High vagility facilitates population persistence and expansion prior to the Last Glacial Maximum in an antarctic top predator: The Snow petrel (Pagodroma nivea)

Cecilia Carrea, Christopher P. Burridge, Barbara Wienecke, Louise M. Emmerson, Duanne White, Karen J. Miller

Research output: Contribution to journalArticlepeer-review

10 Citations (Scopus)


Aims: Pleistocene glacial cycles have had profound effects on the distribution and genetic diversity of high latitude species, which can vary with species-specific traits, such as vagility. Demographic responses of antarctic flying seabirds to the same events remain unassessed. We addressed this knowledge gap by studying the genetic population connectivity and demographic history of a flying seabird endemic to Antarctica, the Snow petrel. We hypothesize that their high vagility due to flight may represent an advantage over non-flying seabirds in enduring past climate variation. Location: Approximately 3,000 km of coastline in East Antarctica, covering three areas in Mac. Robertson Land, Princess Elizabeth Land and Wilkes Land. An inland location was also sampled at the Prince Charles Mountains, Mac. Robertson Land. Taxon: Snow petrel (Pagodroma nivea). Methods: We sampled 93 individuals and sequenced a total of 5,412 base pairs, including two mitochondrial genes, four anonymous nuclear loci and a nuclear intron. We used frequentist and Bayesian approaches to examine population genetic structuring and an Extended Bayesian Skyline Plot method to infer the demographic history of the species in the study area. In addition, evidence of exposed bedrock during glacial periods was summarized in maps of the studied area representing potential refugia for the species. Results: Differentiation indexes, genetic clustering and haplotype networks suggest long-term population connectivity for Snow petrels across the study area, with no evidence for reliction into refugia that were genetically isolated. Significantly, population expansions pre-dated the Last Glacial Maximum (LGM), but only where there was evidence of ice-free areas during this period. Main conclusions: The high vagility of Snow petrels may have been advantageous for access to foraging areas and supported large populations despite the harsh conditions during the LGM. Our results highlight that species-specific traits can exert a strong influence on demographic responses to the same environmental events.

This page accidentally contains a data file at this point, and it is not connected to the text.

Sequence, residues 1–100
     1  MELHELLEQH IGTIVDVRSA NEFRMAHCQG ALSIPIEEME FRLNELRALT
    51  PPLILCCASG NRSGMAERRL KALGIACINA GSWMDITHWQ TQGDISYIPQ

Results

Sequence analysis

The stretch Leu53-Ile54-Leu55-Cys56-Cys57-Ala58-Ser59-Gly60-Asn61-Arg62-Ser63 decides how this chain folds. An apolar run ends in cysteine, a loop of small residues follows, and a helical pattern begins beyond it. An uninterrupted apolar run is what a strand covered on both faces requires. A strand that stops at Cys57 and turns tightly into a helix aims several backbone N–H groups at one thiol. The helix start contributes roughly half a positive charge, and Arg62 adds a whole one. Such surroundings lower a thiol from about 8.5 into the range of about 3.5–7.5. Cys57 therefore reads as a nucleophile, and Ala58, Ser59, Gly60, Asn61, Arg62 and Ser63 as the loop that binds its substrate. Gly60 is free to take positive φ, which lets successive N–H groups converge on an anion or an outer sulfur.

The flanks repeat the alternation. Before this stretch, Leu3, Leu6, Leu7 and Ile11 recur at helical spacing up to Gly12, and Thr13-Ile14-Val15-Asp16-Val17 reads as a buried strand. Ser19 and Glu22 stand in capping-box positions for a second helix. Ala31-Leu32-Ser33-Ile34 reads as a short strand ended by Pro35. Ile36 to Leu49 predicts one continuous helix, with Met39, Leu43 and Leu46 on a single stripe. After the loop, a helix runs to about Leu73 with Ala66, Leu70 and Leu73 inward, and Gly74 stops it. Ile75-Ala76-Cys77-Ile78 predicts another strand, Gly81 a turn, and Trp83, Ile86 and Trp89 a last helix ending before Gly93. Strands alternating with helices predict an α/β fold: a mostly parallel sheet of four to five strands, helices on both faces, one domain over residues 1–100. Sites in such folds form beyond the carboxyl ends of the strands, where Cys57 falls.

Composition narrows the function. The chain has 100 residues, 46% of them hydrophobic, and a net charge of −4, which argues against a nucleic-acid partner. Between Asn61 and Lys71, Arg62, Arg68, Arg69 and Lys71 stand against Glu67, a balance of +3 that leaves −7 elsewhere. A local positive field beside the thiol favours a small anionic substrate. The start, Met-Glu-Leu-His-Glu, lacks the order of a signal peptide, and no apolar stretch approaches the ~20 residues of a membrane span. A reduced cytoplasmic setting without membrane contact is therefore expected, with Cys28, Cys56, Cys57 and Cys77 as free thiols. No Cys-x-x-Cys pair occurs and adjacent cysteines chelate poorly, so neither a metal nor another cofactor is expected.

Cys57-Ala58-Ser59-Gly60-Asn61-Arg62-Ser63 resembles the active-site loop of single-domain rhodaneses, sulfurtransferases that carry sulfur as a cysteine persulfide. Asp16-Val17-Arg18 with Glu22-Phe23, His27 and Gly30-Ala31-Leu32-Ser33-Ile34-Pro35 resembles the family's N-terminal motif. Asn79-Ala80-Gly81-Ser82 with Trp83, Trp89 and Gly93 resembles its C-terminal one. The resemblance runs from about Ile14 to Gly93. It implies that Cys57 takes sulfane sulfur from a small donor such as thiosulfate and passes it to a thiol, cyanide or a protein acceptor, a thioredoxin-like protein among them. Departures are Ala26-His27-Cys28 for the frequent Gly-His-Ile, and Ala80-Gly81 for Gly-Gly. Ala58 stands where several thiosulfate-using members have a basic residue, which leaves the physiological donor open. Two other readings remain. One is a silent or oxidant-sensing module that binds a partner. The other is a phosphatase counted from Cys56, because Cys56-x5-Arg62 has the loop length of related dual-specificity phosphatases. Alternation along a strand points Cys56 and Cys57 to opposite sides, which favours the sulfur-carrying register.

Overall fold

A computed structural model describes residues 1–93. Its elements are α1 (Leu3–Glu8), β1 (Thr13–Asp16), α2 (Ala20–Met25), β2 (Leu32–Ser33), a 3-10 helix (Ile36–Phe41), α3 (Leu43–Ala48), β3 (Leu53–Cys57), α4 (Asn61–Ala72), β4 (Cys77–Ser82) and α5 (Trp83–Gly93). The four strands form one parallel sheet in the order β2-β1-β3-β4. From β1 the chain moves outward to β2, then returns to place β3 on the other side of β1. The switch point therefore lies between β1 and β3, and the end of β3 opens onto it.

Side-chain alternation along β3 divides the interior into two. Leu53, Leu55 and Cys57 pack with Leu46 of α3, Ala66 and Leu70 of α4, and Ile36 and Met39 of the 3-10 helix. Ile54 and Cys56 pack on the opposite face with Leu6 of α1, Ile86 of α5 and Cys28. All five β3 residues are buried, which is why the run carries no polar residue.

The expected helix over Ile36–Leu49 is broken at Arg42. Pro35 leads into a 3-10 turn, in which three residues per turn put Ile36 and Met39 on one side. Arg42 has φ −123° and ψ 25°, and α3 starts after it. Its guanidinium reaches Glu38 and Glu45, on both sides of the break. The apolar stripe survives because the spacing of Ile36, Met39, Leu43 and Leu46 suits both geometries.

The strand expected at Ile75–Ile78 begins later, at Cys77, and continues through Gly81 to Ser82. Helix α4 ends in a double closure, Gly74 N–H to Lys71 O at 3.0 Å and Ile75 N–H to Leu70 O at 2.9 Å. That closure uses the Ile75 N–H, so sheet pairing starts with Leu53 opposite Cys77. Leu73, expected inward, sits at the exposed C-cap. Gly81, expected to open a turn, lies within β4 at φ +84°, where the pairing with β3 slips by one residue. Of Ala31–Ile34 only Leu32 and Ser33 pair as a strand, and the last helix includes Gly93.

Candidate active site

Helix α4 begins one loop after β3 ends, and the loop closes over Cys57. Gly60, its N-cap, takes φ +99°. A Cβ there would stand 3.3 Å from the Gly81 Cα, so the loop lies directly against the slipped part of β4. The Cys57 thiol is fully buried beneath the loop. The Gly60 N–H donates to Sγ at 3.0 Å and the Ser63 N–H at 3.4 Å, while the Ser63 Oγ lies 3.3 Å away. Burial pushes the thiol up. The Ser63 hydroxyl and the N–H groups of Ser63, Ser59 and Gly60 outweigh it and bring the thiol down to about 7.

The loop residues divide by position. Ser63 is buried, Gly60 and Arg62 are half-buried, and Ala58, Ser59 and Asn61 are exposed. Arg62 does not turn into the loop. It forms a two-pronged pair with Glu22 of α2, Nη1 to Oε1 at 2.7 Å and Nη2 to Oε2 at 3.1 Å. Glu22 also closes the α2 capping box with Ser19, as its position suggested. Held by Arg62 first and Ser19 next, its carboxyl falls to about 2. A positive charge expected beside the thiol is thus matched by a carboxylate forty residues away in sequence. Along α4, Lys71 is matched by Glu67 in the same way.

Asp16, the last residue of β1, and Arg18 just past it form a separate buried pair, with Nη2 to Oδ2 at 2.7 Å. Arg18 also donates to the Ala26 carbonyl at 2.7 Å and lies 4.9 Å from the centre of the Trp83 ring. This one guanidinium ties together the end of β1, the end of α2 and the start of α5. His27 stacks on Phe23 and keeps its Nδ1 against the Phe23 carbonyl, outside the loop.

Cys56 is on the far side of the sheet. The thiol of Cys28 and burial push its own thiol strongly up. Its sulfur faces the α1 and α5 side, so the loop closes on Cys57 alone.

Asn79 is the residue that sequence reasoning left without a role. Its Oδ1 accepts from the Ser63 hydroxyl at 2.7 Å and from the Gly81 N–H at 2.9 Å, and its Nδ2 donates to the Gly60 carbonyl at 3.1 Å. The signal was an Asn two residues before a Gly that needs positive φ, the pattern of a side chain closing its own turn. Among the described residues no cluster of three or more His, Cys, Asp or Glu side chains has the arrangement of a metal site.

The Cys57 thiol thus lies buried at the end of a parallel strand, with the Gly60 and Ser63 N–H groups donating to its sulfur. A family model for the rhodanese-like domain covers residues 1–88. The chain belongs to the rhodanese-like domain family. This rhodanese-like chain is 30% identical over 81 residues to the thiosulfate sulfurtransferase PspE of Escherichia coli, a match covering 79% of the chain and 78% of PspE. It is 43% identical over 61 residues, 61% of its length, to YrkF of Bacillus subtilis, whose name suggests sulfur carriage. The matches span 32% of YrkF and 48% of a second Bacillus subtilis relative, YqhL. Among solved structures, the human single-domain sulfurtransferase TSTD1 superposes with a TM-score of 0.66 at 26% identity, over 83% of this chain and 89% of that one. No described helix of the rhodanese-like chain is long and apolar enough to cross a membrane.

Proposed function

Original languageEnglish
Pages (from-to)442-453
Number of pages12
JournalJournal of Biogeography
Issue number2
Publication statusPublished - 1 Feb 2019


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